Rubber Advances on Data Showing Expansion at U.S. Companies

Rubber climbed as data in the U.S. yesterday showed companies in the world’s largest economy were expanding capacity, potentially boosting demand for the commodity used in tires.

The contract for delivery in September, the most-active by volume, rose 1.2 percent to close at 282.7 yen a kilogram ($2,983 a metric ton) on the Tokyo Commodity Exchange.

Orders for U.S. durable goods climbed more than forecast in February as companies focused on expanding capacity to meet growing demand. Bookings for goods meant to last at least three years rose 5.7 percent, the most since September, after a 3.8 percent drop the prior month, the Commerce Department said yesterday in Washington.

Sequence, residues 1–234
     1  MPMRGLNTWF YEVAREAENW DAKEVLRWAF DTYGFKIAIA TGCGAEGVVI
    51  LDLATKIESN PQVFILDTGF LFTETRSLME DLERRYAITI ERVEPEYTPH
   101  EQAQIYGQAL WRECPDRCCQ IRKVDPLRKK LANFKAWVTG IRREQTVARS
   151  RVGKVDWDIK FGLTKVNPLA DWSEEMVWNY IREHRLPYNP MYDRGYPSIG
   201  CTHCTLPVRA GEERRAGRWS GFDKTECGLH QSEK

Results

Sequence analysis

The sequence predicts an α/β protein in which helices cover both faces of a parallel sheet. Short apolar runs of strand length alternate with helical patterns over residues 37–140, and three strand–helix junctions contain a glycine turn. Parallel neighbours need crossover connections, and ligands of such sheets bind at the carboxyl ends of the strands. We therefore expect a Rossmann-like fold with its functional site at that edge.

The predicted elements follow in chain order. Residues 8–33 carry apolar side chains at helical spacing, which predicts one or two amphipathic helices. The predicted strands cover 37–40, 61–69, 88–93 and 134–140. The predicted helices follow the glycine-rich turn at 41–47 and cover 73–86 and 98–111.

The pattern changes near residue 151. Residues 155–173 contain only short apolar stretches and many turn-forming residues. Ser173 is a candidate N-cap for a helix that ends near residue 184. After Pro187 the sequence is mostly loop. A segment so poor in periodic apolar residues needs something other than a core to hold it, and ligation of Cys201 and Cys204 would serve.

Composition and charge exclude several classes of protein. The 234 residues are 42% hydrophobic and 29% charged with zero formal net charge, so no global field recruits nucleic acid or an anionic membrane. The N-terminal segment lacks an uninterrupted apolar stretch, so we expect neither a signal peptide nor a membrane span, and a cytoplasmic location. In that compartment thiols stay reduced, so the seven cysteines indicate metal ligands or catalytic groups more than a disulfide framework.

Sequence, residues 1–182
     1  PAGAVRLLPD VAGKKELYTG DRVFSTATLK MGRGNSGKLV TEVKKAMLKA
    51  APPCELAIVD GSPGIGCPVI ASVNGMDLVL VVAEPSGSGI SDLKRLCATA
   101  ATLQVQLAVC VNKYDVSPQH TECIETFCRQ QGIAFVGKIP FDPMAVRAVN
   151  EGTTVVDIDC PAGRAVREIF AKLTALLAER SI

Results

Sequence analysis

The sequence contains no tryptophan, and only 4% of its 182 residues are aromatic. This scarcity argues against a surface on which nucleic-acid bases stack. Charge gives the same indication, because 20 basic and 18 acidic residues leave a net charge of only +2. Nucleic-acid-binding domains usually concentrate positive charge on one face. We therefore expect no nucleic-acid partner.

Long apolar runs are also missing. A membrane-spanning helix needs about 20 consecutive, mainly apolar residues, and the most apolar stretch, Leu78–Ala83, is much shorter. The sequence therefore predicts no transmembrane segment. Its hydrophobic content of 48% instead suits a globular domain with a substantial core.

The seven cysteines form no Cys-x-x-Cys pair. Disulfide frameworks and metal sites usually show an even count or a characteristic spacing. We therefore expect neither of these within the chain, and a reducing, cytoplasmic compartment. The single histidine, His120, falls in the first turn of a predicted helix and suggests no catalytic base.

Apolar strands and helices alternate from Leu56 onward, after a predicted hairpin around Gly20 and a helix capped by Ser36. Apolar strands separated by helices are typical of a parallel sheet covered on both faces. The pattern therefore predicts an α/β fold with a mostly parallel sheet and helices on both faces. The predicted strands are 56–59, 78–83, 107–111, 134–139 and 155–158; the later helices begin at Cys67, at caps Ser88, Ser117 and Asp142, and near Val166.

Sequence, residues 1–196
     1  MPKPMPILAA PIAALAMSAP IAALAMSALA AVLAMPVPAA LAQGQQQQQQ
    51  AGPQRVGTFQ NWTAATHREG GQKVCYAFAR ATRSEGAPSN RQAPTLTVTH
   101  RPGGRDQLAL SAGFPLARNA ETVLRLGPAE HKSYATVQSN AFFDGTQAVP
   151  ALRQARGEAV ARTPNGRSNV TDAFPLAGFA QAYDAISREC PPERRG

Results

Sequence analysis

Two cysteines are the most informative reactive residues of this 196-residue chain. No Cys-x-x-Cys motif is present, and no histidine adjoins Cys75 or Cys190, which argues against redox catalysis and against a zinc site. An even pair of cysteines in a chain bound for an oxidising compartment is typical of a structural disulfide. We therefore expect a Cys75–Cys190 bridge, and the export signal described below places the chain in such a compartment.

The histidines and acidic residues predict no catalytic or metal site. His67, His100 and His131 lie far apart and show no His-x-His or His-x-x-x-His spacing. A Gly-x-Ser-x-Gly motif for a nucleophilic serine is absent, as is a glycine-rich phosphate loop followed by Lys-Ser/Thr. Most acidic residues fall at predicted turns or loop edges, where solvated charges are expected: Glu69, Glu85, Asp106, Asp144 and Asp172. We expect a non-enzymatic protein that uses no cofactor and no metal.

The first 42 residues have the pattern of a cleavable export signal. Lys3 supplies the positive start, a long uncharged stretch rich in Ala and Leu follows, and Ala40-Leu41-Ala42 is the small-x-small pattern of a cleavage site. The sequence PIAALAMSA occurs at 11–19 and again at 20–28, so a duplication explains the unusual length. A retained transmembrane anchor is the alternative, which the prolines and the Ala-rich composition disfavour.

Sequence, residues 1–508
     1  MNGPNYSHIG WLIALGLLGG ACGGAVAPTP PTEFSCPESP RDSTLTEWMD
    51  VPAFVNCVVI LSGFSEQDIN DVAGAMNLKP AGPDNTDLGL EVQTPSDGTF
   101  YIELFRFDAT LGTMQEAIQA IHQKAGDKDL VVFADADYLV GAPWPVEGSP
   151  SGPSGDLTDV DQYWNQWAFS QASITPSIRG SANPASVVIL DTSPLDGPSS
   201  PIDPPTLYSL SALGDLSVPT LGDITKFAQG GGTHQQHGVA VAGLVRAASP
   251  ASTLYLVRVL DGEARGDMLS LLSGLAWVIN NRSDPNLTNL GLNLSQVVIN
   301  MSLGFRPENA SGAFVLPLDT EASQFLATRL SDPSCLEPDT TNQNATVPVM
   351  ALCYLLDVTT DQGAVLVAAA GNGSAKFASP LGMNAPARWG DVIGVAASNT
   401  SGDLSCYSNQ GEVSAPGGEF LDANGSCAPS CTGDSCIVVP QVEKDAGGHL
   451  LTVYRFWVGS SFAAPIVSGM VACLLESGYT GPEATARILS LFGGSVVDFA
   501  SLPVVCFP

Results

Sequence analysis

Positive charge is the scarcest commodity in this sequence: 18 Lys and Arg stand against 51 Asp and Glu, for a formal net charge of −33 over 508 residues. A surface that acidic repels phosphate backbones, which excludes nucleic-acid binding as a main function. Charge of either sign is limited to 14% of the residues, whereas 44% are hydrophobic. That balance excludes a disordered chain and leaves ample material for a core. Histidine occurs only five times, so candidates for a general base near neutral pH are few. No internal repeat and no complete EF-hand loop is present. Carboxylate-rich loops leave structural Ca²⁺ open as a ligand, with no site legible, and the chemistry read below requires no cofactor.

“Investor confidence in the U.S. recovery strengthened, spurring purchases of the futures,” Takaki Shigemoto, an analyst at research company JSC Corp. in Tokyo, said by phone.

The contract for September delivery on the Shanghai Futures Exchange dropped 0.2 percent to 22,705 yuan ($3,655) a ton at 2:42 p.m. local time.

China’s natural rubber consumption this year may rise 7 percent to 3.7 million tons, Deng Yali, chairman of China Rubber Industry Association, said at a conference in Qingdao yesterday.

Thai rubber free-on-board gained 0.3 percent to 86.80 baht ($2.96) a kilogram today, according to the Rubber Research Institute of Thailand.

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